Trusts are often associated with the rich. However, the uber-wealthy are not the only people who can benefit from using trusts. There is no minimum asset level or net worth required to set up a trust, and you can put any amount of money into a trust.
A will allows you to distribute your worldly goods, select a guardian for minor children and name an executor to carry out your wishes.
You created your revocable living trust to hold your assets. You did so because of the probate avoidance and other benefits. You may have included sophisticated tax-planning provisions in your trust.
Estate planning is all about ensuring that your wishes are met after your death. All estate plans should include a will and powers of attorney. However, in many cases, a trust has additional benefits beyond what can be accomplished with the will and powers of attorney.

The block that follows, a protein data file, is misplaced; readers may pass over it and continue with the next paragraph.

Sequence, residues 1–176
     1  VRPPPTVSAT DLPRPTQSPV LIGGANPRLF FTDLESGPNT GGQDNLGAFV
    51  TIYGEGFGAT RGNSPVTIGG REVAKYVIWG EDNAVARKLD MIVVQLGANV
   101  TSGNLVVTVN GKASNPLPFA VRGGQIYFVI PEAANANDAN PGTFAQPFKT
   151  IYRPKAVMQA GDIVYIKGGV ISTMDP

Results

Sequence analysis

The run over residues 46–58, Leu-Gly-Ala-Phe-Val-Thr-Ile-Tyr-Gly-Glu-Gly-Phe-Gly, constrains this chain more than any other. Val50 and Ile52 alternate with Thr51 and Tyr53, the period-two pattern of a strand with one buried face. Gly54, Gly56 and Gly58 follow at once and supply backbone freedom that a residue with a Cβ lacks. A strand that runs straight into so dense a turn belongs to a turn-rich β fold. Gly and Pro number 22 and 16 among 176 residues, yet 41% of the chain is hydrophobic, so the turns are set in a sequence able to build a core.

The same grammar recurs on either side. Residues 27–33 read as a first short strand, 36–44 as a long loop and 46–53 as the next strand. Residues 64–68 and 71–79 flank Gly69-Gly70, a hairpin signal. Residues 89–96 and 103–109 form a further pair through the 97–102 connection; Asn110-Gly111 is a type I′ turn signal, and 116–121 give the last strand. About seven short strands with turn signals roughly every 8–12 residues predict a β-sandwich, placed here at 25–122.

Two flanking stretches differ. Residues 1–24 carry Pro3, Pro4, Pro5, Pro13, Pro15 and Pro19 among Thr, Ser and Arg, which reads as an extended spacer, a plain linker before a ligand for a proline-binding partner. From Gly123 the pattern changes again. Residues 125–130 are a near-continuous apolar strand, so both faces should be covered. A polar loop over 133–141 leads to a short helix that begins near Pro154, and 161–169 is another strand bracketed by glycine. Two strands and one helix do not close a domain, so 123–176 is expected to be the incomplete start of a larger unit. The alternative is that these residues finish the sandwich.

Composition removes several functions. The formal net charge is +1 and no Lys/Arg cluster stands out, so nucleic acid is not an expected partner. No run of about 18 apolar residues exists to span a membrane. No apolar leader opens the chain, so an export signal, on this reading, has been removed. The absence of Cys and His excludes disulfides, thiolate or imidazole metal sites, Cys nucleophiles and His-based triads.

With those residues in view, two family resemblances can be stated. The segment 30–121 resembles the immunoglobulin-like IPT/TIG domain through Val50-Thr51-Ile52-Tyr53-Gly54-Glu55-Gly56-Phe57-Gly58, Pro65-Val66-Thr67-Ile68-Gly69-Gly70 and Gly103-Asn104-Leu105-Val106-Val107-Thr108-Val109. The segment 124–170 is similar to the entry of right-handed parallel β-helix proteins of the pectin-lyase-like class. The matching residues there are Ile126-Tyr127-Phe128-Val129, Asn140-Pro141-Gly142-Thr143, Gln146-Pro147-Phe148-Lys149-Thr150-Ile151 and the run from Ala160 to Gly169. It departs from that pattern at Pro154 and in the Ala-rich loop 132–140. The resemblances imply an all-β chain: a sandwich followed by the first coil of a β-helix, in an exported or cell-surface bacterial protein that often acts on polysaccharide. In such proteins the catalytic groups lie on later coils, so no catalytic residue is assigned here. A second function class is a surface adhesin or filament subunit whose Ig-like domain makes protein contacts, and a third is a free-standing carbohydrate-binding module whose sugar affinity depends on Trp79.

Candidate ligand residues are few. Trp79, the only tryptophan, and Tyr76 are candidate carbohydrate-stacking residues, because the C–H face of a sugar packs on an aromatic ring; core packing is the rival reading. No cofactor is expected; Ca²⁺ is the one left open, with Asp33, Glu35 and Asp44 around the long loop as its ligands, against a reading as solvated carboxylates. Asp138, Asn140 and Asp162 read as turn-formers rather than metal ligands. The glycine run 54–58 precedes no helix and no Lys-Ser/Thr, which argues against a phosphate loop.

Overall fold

As a result of illness, old age or incapacity, what may happen when you can no longer handle your own decision-making, handle your own money or make your own health care choices? Who can step in to help and how are they empowered?
Trusts are legal entities that own assets, and all trusts are not alike. They are created by a written trust document with certain provisions that can vary from trust to trust.
Estate planning documents often are treated like the photocopied permission slip for a child’s field trip. You fill in your name, include the children’s names and dates of birth and sign. The document is filed away to be used if needed, but you really never expect it to be used.
Thanks to the Internet, everyone has the ability to draft wills, trusts and a variety of other legal documents. Many documents can be produced for less than $100, requiring only a few mouse clicks and filled-in blanks.